What Sawkill Girls Says About YA Literature

What Sawkill Girls Says About YA Literature

By Allie Skalnik

I’m someone who can work my way through nearly any book, in grueling half an hour segments no matter how uninteresting. But when I really love a book, you better believe I’m spending the next fourteen hours on it: sleep is for the weak. Sawkill Girls ranked somewhere in between those two extremes for me. There was enough mystery to keep me engaged for a few hours at a time, but it still very much felt rough around the edges. Every few chapters or so I would look up and ask myself, why am I not getting into this yet? 

There are a few explanations for this. Aspects of the book struck me as almost childish, which is surprising because it attempts to tackle feminism, girlhood, sexuality, and even rape. Still, there were moments where it was very clear to me that this was not the story speaking, rather Claire Legrand. These earnest, preachy segments distracted from the story more often than not and made it difficult to pin down the message of the novel. 

Most importantly, this book didn’t make me feel anything. I was constantly awed by the visuals and impressed with the worldbuilding, but I wasn’t very compelled by the characters themselves. They’re not bad. They’re really very fine characters, but they weren’t stellar. For some reason, I just didn’t connect with Zoey’s spunkiness or Marion’s level-headedness or Val’s inner conflict. That’s not to say that there was anything wrong with it. I just didn’t jive with these characters, and they once again made the book feel childish. One character I would like to legitimately critique would be Grayson. I think if I connected with Zoey more it would be fine, but Grayson’s only role in the book is to support Zoey. Honestly, I love that. I enjoy that this is Zoey’s story and not Grayson’s, but because I didn’t connect with Zoey, Grayson’s shallowness became all the more apparent. Grayson is mostly a plot device, and this works when the plot device genuinely reveals something new about a character or works as a foil. However, Grayson does none of the above. 

This is a book that tackles sexuality without actually tackling sexuality. Perhaps the best way to describe it is that it represents sexualities more than it actually deals with them. Zoey is asexual. This book is not about asexuality, so I don’t believe that the topic gets the attention it deserves. Sawkill Girls is not trying to have a conversation about asexuality, and if it is, it’s not doing a good enough job at it. It’s not a theme that the book goes back to throughout the story, and because Zoey as a character is not fully developed and nor is her asexuality, it reads as a clumsily added part of Zoey’s personality rather than an important and well-represented topic.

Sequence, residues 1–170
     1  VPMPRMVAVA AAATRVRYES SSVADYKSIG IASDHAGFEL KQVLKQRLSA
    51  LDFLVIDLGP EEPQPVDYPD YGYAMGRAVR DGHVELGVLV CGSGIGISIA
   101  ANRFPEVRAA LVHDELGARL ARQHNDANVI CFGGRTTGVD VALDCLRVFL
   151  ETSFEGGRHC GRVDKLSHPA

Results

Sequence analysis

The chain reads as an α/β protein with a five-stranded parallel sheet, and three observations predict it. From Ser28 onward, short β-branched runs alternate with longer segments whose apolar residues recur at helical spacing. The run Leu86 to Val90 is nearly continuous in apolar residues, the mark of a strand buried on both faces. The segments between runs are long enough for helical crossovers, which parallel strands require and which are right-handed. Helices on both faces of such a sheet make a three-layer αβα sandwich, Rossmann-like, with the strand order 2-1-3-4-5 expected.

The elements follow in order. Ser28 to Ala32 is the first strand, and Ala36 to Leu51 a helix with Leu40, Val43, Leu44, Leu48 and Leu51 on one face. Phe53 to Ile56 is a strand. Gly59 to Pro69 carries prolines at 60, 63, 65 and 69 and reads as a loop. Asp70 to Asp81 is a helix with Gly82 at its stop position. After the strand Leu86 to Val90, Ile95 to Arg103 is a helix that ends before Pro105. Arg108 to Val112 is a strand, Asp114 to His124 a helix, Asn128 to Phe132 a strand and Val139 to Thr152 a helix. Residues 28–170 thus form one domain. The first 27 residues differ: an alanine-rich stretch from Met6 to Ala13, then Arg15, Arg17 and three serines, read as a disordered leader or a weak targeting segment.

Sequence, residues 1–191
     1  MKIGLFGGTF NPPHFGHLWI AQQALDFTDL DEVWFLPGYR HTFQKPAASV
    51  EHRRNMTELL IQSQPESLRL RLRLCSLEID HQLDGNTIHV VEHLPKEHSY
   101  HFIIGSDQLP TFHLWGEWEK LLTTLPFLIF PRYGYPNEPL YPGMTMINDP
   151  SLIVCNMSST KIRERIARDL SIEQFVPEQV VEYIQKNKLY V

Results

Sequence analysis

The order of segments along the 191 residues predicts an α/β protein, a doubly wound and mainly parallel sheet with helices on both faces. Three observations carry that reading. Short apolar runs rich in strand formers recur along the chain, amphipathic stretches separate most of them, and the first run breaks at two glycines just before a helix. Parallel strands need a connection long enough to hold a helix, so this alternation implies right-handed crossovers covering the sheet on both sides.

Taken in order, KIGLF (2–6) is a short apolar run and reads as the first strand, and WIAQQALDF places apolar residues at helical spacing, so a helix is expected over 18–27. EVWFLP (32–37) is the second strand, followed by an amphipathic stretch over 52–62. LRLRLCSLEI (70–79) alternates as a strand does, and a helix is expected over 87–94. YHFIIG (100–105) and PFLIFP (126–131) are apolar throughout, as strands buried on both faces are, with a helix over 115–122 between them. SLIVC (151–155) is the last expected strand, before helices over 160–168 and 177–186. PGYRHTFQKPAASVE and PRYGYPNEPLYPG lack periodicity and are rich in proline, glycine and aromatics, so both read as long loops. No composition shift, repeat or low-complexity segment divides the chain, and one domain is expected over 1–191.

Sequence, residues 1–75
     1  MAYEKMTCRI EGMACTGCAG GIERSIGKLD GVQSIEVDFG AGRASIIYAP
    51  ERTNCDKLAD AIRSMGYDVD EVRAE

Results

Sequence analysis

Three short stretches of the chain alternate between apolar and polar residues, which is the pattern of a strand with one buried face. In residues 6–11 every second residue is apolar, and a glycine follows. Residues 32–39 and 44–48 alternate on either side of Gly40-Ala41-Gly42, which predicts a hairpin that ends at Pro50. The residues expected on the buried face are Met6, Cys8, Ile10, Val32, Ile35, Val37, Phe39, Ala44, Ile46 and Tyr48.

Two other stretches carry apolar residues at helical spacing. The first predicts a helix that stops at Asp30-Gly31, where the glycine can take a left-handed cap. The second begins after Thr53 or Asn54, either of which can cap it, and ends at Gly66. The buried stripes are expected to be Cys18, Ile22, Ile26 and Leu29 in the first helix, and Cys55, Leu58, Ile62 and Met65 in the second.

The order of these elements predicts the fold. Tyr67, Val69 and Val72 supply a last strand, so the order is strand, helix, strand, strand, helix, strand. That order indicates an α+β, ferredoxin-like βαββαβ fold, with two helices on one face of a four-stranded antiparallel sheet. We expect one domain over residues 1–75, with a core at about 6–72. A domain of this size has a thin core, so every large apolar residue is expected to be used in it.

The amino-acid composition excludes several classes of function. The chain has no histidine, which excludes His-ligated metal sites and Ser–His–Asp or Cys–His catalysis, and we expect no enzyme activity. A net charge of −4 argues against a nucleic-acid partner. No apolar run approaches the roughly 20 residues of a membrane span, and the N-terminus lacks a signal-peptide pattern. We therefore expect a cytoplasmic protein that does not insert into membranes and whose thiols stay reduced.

Similarly, Marion and Val’s relationship is not supposed to be a thorough look at a queer relationship. It does not tackle Marion and Val’s sexualities in the slightest, and it doesn’t represent the process of grappling with one’s sexuality, which is a core aspect of many queer experiences. This is because Sawkill Girls is not a book about Marion and Val falling in love, just as it’s not a book about Zoey being asexual. It’s ultimately a book about what it means to be a girl in a world pitted against you. 

Its willingness to tackle female issues is where Sawkill Girls shines. While its commentary is not always the most refined and can come off as preachy, this book is nothing if not earnest. It feels authentic and honest even if its commentary around rape is messy and it brings up issues more often than they are addressed. What I enjoyed most about Sawkill Girls is that it felt like a new voice had been introduced to the conversation. It felt young and new and hopeful. It’s not a refined book, but I’m looking forward to seeing what Claire Legrand does next. Her passion is obvious, and it’s clear that she has the tools to write something incredibly meaningful and compelling. Sawkill Girls wasn’t that for me, but I think if YA literature starts going the same way, and it serves to move literature as a whole in the same direction, then I’m looking forward to what comes next. 

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